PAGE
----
Here’s another Prop 8 ad from California. This one leverages the familiar concept of the Mac vs PC ads Apple ran for a couple years. On the right, you have a younger man who is “No on Prop 8” while on the left, a larger, older man is “Yes.”
The ad talks about “fairness and dignity” and “discrimination” (I’ll explain the quotes momentarily). The ad also uses the tactic of highlighting what _should_ be more important to Californians than stopping same-sex marriage (the economy, war, etc.)
Overall, the ad is watchable, but it lacks any real connection with the audience. The Mac vs PC ads were hip, catchy and there were a lot of them. This allowed people to connect to the campaign over time. In the Prop 8 ad, there’s no real personal investment in either character.
Not only that, but the ad used words like discrimination and fairness. You may recall that I recently posted an article that highlights the fact that those terms just don’t resonate with voters on this issue. Voters don’t see a lack of marriage equality rights as discrimination.
So in essence, the characters didn’t connect and the message fell flat. Meanwhile, Prop 8 supporters were running ads featuring lovable children and focusing on how Prop 8 would help protect them.
Overall, I don’t think NO on 8 is terrible ad. The concept is cute and the message _should_ resonate. However, we’ve learned time and time again that in order for the message to resonate on this topic, it has to be personal in nature. Here’s a great example of how this learning was applied by Get Up! Action for Australia. This ad uses no words, but instead, tells a personal story through a series of video clips. The 5 MILLION plus views this video has received in just months highlights the importance of character connection and a powerful message.
If you’d like to see how one person has already applied the learning here in Minnesota, check out my post For Better, For Worse, For All. While not an official ad, you’ll see the personal stories tactic applied.
Minnesota is no exception. Voters will be faced with an amendment on marriage this NOvember. Proponents of the amendment say that it’s about “protecting marriage in Minnesota,” however, don’t be fooled. This amendment has little to do with protecting anything. In fact, same sex marriage is already prohibited in the state of Minnesota. Many people don’t even realize that. So truly, this amendment does nothing other than rehash an old debate. If you look at the history of amendments that voters have faced in Minnesota, there hasn’t been a single amendment that tried to limit the rights of the minority outside of this one.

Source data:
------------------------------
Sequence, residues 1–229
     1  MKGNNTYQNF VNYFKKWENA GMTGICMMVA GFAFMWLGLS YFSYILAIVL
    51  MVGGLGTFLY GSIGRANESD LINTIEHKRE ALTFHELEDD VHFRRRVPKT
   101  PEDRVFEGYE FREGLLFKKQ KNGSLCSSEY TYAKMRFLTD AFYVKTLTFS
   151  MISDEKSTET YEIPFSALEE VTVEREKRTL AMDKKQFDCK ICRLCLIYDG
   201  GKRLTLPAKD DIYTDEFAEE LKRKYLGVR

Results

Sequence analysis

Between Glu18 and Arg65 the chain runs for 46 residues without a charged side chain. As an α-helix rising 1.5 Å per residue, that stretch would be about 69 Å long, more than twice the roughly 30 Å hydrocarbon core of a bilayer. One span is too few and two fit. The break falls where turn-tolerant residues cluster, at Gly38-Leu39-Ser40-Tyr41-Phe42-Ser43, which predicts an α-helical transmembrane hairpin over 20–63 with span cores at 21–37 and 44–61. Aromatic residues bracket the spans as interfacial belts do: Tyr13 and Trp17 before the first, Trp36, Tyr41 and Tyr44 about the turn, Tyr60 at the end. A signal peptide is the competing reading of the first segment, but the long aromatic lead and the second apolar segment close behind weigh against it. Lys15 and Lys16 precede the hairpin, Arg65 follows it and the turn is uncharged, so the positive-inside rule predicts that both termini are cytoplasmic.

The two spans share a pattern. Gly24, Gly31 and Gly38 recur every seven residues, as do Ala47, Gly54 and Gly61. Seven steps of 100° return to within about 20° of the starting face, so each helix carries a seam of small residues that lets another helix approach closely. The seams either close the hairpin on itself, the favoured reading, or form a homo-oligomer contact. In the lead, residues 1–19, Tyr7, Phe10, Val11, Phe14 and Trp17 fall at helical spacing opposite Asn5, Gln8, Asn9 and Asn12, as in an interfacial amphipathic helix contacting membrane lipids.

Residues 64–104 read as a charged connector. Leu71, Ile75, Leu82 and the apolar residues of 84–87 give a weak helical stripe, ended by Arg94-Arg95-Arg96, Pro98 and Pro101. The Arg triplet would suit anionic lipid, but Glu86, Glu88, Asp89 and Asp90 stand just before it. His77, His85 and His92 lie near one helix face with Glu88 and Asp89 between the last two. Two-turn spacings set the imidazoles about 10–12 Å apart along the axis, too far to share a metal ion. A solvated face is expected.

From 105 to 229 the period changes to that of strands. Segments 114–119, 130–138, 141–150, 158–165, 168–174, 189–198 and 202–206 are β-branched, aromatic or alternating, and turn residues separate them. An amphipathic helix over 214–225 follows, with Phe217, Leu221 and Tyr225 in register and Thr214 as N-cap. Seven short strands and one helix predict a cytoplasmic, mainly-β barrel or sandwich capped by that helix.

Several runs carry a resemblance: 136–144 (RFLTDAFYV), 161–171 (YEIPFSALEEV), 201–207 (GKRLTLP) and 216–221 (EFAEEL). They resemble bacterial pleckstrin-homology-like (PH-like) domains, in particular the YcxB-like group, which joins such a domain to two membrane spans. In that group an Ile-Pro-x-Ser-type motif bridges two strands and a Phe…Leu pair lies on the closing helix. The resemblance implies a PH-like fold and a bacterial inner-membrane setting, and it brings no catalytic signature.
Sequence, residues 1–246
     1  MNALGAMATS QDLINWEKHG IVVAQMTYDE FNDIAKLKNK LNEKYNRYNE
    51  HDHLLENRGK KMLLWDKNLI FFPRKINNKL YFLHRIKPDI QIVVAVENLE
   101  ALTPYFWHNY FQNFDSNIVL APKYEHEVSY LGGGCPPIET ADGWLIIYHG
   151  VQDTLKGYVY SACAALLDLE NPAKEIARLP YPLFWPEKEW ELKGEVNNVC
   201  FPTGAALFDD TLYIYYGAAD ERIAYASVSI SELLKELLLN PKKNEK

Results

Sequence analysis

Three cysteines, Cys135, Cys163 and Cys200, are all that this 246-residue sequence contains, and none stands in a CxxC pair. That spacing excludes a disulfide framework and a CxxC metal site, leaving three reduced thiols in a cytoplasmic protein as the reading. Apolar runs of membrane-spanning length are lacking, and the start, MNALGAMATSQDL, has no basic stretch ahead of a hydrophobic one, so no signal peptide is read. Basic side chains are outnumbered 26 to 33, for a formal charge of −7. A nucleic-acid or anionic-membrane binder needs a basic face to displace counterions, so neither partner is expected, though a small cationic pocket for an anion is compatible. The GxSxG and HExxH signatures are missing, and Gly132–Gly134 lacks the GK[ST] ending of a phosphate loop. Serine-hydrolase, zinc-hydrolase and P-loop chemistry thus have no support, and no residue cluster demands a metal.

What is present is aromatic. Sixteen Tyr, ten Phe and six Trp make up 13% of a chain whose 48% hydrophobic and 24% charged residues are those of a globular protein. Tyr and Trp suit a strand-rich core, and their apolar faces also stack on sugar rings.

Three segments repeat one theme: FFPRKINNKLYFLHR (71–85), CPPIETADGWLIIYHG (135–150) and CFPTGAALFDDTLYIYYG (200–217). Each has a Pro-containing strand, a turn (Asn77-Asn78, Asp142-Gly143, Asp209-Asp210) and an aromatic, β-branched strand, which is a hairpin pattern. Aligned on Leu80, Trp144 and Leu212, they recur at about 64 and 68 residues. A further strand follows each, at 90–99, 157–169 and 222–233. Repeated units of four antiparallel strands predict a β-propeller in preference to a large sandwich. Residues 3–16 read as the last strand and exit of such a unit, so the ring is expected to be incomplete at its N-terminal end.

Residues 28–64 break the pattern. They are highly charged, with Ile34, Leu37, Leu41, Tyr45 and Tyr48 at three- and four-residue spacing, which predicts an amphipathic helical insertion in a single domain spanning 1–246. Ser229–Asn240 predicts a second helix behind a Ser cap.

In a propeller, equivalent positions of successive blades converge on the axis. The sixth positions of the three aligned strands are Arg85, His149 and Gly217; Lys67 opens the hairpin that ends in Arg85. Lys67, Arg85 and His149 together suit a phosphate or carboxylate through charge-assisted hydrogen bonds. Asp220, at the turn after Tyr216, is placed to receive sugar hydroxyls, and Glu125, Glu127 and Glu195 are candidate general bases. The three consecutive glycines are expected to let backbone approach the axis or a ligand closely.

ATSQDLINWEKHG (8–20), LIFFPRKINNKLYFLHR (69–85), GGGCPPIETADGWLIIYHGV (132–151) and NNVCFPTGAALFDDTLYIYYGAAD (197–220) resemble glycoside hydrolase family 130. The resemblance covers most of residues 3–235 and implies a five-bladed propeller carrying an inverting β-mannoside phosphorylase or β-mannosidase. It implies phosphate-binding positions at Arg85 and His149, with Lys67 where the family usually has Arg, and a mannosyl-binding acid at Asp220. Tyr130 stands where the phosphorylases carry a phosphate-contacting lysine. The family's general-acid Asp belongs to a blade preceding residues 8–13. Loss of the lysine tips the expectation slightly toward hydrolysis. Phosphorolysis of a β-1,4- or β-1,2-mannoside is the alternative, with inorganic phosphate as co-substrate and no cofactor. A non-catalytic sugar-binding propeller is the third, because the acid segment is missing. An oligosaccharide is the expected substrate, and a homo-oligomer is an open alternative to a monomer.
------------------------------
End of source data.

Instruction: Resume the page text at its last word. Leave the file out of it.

And if you think Minnesota is too progressive, or could never pass such a mean-spirited amendment, you need to think again. If Minnesotans were to vote today, polls show this amendment passing. Yes, you heard that right: If we were to vote today, Minnesota voters would choose to update the state constitution to write in something that has already been defined for the state. This amendment would change absolutely nothing, other than put Minnesota on the wrong side of history.
With that said, there are some very positive signs. In December, Duluth became the first city to voice opposition to the amendment this NOvember. Minneapolis followed suit in 2012. Additionally, there have been many groups that have come out against the amendment including Minnesota Rabbis and Minneapolis Evangelical Lutherans along with high-power individuals like Marilyn Carlson Nelson, CEO of Carlson Companies. Missing from this group of opponents? Minnesota’s big businesses. Up to this point, many have been silent about the amendment this NOvember. Yet many of these same companies will be at Twin Cities Pride this year professing their love and support of the LGBT community; hypocrisy? You be the judge.
At the end of the day, marriage equality is moving forward. People like Zach Wahls are telling their stories. Non-profits like GetUp! Action for Australia are helping people to understand that love is love. Heck, even the Golden Girls were talking about marriage equality over 20 years ago.
I believe we’ll do what’s right in Minnesota and defeat this mean-spirited amendment; after all, love is love. Minnesota voters, I hope you’ll join me in voting NO at the polls this NOvember. It’s about equality. It’s about fairness. It’s about love.
And it’s about time.
Here’s a great feel-good commercial from the folks at GetUp! Action for Australia. Entitled, “It’s Time” the video does a great job telling the story of a relationship from the lead character’s point of view, until, at the end, a twist is revealed.
Merry Christmas. May you and yours have a wonderful holiday season.